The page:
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Facts Forum News, Vol. 5, No. 3, March 1956
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Facts Forum. Facts Forum News, Vol. 5, No. 3, March 1956 - File 043. 1956-03. University of Houston Libraries. University of Houston Digital Library. Web. November 20, 2019. https://digital.lib.uh.edu/collection/1352973/item/979/show/952.

Disclaimer: This is a general citation for reference purposes. Please consult the most recent edition of your style manual for the proper formatting of the type of source you are citing. If the date given in the citation does not match the date on the digital item, use the more accurate date below the digital item.

Facts Forum. (1956-03). Facts Forum News, Vol. 5, No. 3, March 1956 - File 043. Facts Forum News, 1955-1956. University of Houston Libraries. Retrieved from https://digital.lib.uh.edu/collection/1352973/item/979/show/952

Disclaimer: This is a general citation for reference purposes. Please consult the most recent edition of your style manual for the proper formatting of the type of source you are citing. If the date given in the citation does not match the date on the digital item, use the more accurate date below the digital item.

Facts Forum, Facts Forum News, Vol. 5, No. 3, March 1956 - File 043, 1956-03, Facts Forum News, 1955-1956, University of Houston Libraries, accessed November 20, 2019, https://digital.lib.uh.edu/collection/1352973/item/979/show/952.

Disclaimer: This is a general citation for reference purposes. Please consult the most recent edition of your style manual for the proper formatting of the type of source you are citing. If the date given in the citation does not match the date on the digital item, use the more accurate date below the digital item.

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Title Facts Forum News, Vol. 5, No. 3, March 1956
Series Title Facts Forum News
Creator
  • Facts Forum
Publisher Facts Forum
Date March 1956
Language eng
Subject
  • Anti-communist movements
  • Conservatism
  • Politics and government
  • Hunt, H. L.
Place
  • Dallas, Texas
Genre
  • journals (periodicals)
Type
  • Text
Identifier AP2.F146 v. 5 1956; OCLC: 1352973
Collection
  • University of Houston Libraries
  • Facts Forum News
Rights No Copyright - United States: This item is in the public domain in the United States and may be used freely in the United States. The item may not be in the public domain under the copyright laws of other countries.
Item Description
Title File 043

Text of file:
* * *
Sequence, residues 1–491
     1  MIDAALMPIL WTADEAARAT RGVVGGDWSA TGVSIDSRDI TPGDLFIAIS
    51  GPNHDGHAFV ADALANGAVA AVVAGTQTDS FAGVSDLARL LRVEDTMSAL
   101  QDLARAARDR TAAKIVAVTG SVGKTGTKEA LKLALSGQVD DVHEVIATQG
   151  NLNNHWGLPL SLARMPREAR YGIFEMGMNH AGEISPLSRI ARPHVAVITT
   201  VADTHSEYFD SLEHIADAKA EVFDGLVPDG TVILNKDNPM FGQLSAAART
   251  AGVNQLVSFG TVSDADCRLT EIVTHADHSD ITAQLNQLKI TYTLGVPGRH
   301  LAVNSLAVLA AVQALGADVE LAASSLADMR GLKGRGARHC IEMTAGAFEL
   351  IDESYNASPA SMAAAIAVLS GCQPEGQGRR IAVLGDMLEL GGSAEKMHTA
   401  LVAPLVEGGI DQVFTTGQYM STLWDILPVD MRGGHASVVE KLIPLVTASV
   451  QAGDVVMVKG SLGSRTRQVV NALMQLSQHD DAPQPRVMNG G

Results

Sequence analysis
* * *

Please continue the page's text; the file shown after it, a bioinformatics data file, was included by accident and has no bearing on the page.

Transcript government or industrial nurseries? " hat are the people, save wards of fie State? In 1955 the Conference discussed Jvnat they termed "welfare facilities for workers." The proposal stated that the competent authority" (meaning jSovernment) should prepare suggestions for the operations of canteens, ceiling equipment, types of meals, balanced diets, food service, and feed- lng costs. The implication was that Sovernment should take over and 'upervise all phases of in-plant feed- '"" in industrial institutions. FOREIGN PHILOSOPHY \t its 1955 Conference the ILO en- "jtted a resolution entitled "Vocation- Training in Agriculture." Never av'e I seen a document more for- ?gn to the philosophy of the United States. ,,'t assumed, as a basic premise, that ,"' agricultural worker is an em- ' ">ee. It assumed that wages in agri- ('l|tuie are determined on the basis Collective bargaining. And it pro- "Sl'd th,. setting up ol an apprentice stl;ni lor young farm workers. rV^L in the United States most of '' farm workers are not employees I ll'> are members of the farmer's • inly. Thev don't belong to unions, 50 the rio . for The collective bargaining idea has " aPplication in our country. And as ty ''Ppienticeships, about the only |1("v this could be worked out would ti, .i'" formers' sons to be apprenticed 0*eir fathers. p() 'I'thermore, embodied in this pro- "ici"t 'S a definite pattern of govern- ,.,..," domination and control. The gen- liil, 'stMal ''"' government should Hjt over the vocational training of tli|.'i'!"""si('rs on the> farm, in what lira1 J0 calls a "systematic and cei- -r,"at,'d program." in,, 'ls piograni provides that govern* ;„|(| Should provide school textbooks l,i(i> "tlier educational material, should *»d °n ''"' qualifications of teacher Si|| '^"nination requirements, should "laltl e educational facilities, and tr„jh'! s"re that the education and s]i(||'!'j" °f young people on the farm •H),] . '' clone bv the government, | ?ot,oy their parents. 1 Coy?"* think I need go any further. I l,.|v c|te many more examples. Rut clir. ° g'ven von enough to indicate *tooh eu'a" trend of t,le Pr0Posa,s i'iri(v | le ILO government-labor ma- I Hi,.t ,Pes to enact into basic laws s, whaj t beef! VlKith ing 1'" ' °o, 'cli UlM Way be followed by other -\ii,'|".S "" over ''"' world. V'Hi " you think this is not the case. ,'"' IInTry mucn mistak(,n. Tl'"s ,ar Of t,'u has enacted 103 conventions. *.r\.ese- Great Britain has ratified "'u'<' has ratified 73, Belgium has rs PoniM News, March, 1956 ratified 55, Holland has ratified 42, Argentina has ratified 45. You will ask, how many conventions have been ratified by the United States? Here is the answer. Seven conventions have been approved by the Senate and ratified by the President's signature. Most of these deal with conditions of maritime employment and are not socialistic. Three conventions have been approved by the Senate but not signed by the President, and seven more were sent by Mr. Roosevelt and Mr. Truman to the Senate Foreign Relations Committee for action. Several of these involve the threat of the invasion of international laws into our domestic affairs. Now, why has no further action been taken, with respect to these conventions? And why have the more recent and radical ILO conventions, for which our government voted in ILO Conferences, never been submitted to the Senate for consideration, which, under the ILO constitution, our President is supposed to do? The answer is the Bricker Amendment. With the whole country aroused to the clanger of having socialist measures imposed upon us by the back door of convention ratification, the proponents of such measures have not eland to bring them out on the floor of the Senate. But in the rest of the world things have gone the other way. A major share of the social, labor and economic legislation enacted in Europe anil in many other parts of the world during the last 20 years has been born in the ILO. The South American countries and the under-developed countries of the Far East have- been following the lead of the ILO. Thev have been told by socialist Europeans that socialism is the hope of the world, and that the kind of civilization we have in the United States is outmoded and in some mysterious way still lingering along, operating under old-fashioned concepts that are hold-overs from the last century. The fact is that out of the entire world, the United States and Canada are practically the only countries left that are still operating in the main on the basis of the free competitive system. RUSSIA INVADES ILO Well —so far f have given vein the picture ol the ILO previous to the time tin- Iliissians moved in on us. As I said before, Russia has been out of this picture for a long time', but in 1954 thev moved back in a big way, and brought their satellites along with them. They precipitated a debate which is still going on in the ILO, a debate which is founded upon a fundamental premise. From the very beginning the employer delegates to the ILO, who under its constitution are supposed to represent free associations of free employers, contended that the Communist so-called employer delegates could not possibly represent free associations of free employers, because there are no such associations in Communist countries. Our claim was that the so-called employer delegates from Communist countries were simply government agents, and agents for the Communist party. "NO SUCH ANIMAL" At the 1954 Conference the em- ployer delegates from non-Communist nations made a determined effort to get these Communist so-called employer delegates thrown out. We were defeated. At the 1955 Conference we tried to keep them off our employer committees, and once more we were defeated. In 1954 the United States Government supported our position. But in 1955 our government reversed its stand and supported the Communists. We wound up by having Communist agents placed on the employer groups of the ILO. Let me explain how this works out. The working committees of the ILO are tripartite; that is, on each committee we are supposed to have representatives of government, employers and workers. But what happens if we get Communists officially seated as members of employer groups? The result is as preposterous as if the National Association of Manufacturers, or the United States Chamber of Commerce, should accept Communist agents on their Boards of Directors. 1 simply could not face up to this proposition. At the 1954 Conference I protested as strongly as possible, but to no avail. At the 1955 Conference I withdrew the United States employer delegation from participation in anvil.() working committees upon which Communist so-called employers had been seated. I felt that a time had conic- to make a stand on principle. Now I wonder whether you realize what the invasion of the ILO by the Russians actually means. Russia has come back into the ILO as three countries — the USSR, the Ukraine and Byelorussia. That is tin' basis upon which Russia belongs to the United Nations. I do not know yet why Russia represents three nations in the- United Nations whereas we represent only one-. But that is the situation. In addition, Russia is now reinforced in the ILO, on a very active basis. by Poland, Bulgaria, Hungary, Czechoslovakia and Albania. That makes (Continued on Page 53) Page 41 V \